Democrats And Republicans Are Actually Agreeing On An Environmental Regulation


oil spill clean up Santa Barbara

Environmental regulation — measures to protect water, reduce carbon emissions, and limit mercury — is divisive in the 114th Congress. Almost all Democrats support it, and almost all Republicans despise it.

But there’s at least one area of environmental regulation lawmakers are agreeing on these days: Fixing our old, decrepit oil and gas pipeline system. At a House Energy and Commerce subcommittee hearing on Tuesday, representatives from both sides of the aisle took the Pipeline and Hazardous Materials Safety Administration (PHMSA) to task for failing to implement several provisions of a pipeline safety law.

Those provisions, they argued, are necessary to prevent environmental incidents, like the 105,000-gallon oil spill from a pipeline near Santa Barbara, California this past May.

“The urgency for pipeline safety is greater than ever,” said committee chairman Rep. Fred Upton (R-MI), noting the country’s record levels of natural gas production. “Although pipelines are some of the safety means of transport, the Santa Barbara spill is a harsh reminder that rigorous risk-based enforcement needs to be a priority.”

Democrats on the committee agreed.

“I am deeply concerned about PHMSA’s inability to carry out its mission, numerous safety recommendations or Congressional mandates,” Rep. Frank Pallone (D-NJ) said, calling it “especially troubling how many mandates that have yet to be implemented by the agency.”

This is far from the first time PHMSA — the agency that oversees America’s sprawling pipeline network — has been called out for not doing its job. A deep look at the agency from POLITICO in April found that it “stubbornly failed to take a more aggressive regulatory role, even when ordered by Congress to do so.” This has corresponded with a fossil fuel production boom that is increasingly stressing pipeline infrastructure to the point of catastrophic failure.

This map shows major natural gas and oil pipelines in the United States. Hazardous liquid lines are in red, while gas transmission lines are in blue.

This map shows major natural gas and oil pipelines in the United States. Hazardous liquid lines are in red, while gas transmission lines are in blue. CREDIT: PIPELINE AND HAZARDOUS MATERIALS SAFETY ADMINISTRATION.

PHMSA is required to craft regulations for pipelines under a law passed by Congress in 2002 — the Pipeline Safety Improvement Act. But many of those required regulations are still not in effect — specifically, 17 out of 42 congressional mandates in the law remain incomplete.

That’s at least according to a letter sent to PHMSA by both Democrat and Republicans members of the House Energy and Commerce committee last month. That letter said the agency has failed to issue regulations on pipeline damage prevention, pipeline integrity management programs, and accident notification, among others.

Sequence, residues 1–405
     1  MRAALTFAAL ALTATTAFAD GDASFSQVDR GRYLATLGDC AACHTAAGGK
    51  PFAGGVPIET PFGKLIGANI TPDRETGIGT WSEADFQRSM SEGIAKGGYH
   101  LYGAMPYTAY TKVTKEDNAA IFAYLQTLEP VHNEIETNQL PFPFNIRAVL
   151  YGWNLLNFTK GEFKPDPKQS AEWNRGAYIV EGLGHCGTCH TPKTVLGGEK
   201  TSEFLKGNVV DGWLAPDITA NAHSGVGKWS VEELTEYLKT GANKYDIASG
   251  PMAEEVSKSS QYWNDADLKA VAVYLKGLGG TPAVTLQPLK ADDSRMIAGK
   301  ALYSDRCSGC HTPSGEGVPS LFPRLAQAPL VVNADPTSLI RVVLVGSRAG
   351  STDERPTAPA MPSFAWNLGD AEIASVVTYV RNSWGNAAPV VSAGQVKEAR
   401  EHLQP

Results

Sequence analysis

At Tuesday’s hearing, PHMSA’s acting head Stacy Cummings told concerned lawmakers that the agency was making “significant progress” on getting up to speed, noting that two more regulations had already been proposed this month. But she also did not outright accept the notion that lack of pipeline safety regulations were directly responsible for the Santa Barbara pipeline spill, much less other spills and explosions that have occurred in the last few years.

Environmentalists tend to agree, noting that while inadequate pipeline infrastructure and safety does cause spills, the massive increase in U.S. oil and gas production and consumption is also a factor. That puts stress on aging U.S. pipelines, approximately half of which are at least 50 years old.

Many Republicans say the solution to that is to build more pipelines. In fact, Upton — who called the hearing on pipeline safety — is pushing a plan called the Architecture of Abundance that seeks to make it easier for new pipeline infrastructure to be built. It also seeks to “improve coordination and strengthen energy partnerships” with Canada, which could translate to a push for the controversial Keystone XL pipeline, which Upton supports.

The simultaneous call for both pipeline safety and more pipelines is one that some environmentalists believe to be disingenuous.

“You cannot cry foul over one oil spill when you are pushing an energy bill that could lead to many more,” said Lukas Ross, a climate and energy campaigner with Friends of the Earth .”It is frankly appalling for a man who has voted repeatedly to steamroll Keystone XL through Congress to take up the cause of pipeline safety.”


Reprinted with permission from Climate Progress, a branch of The Center for American Progress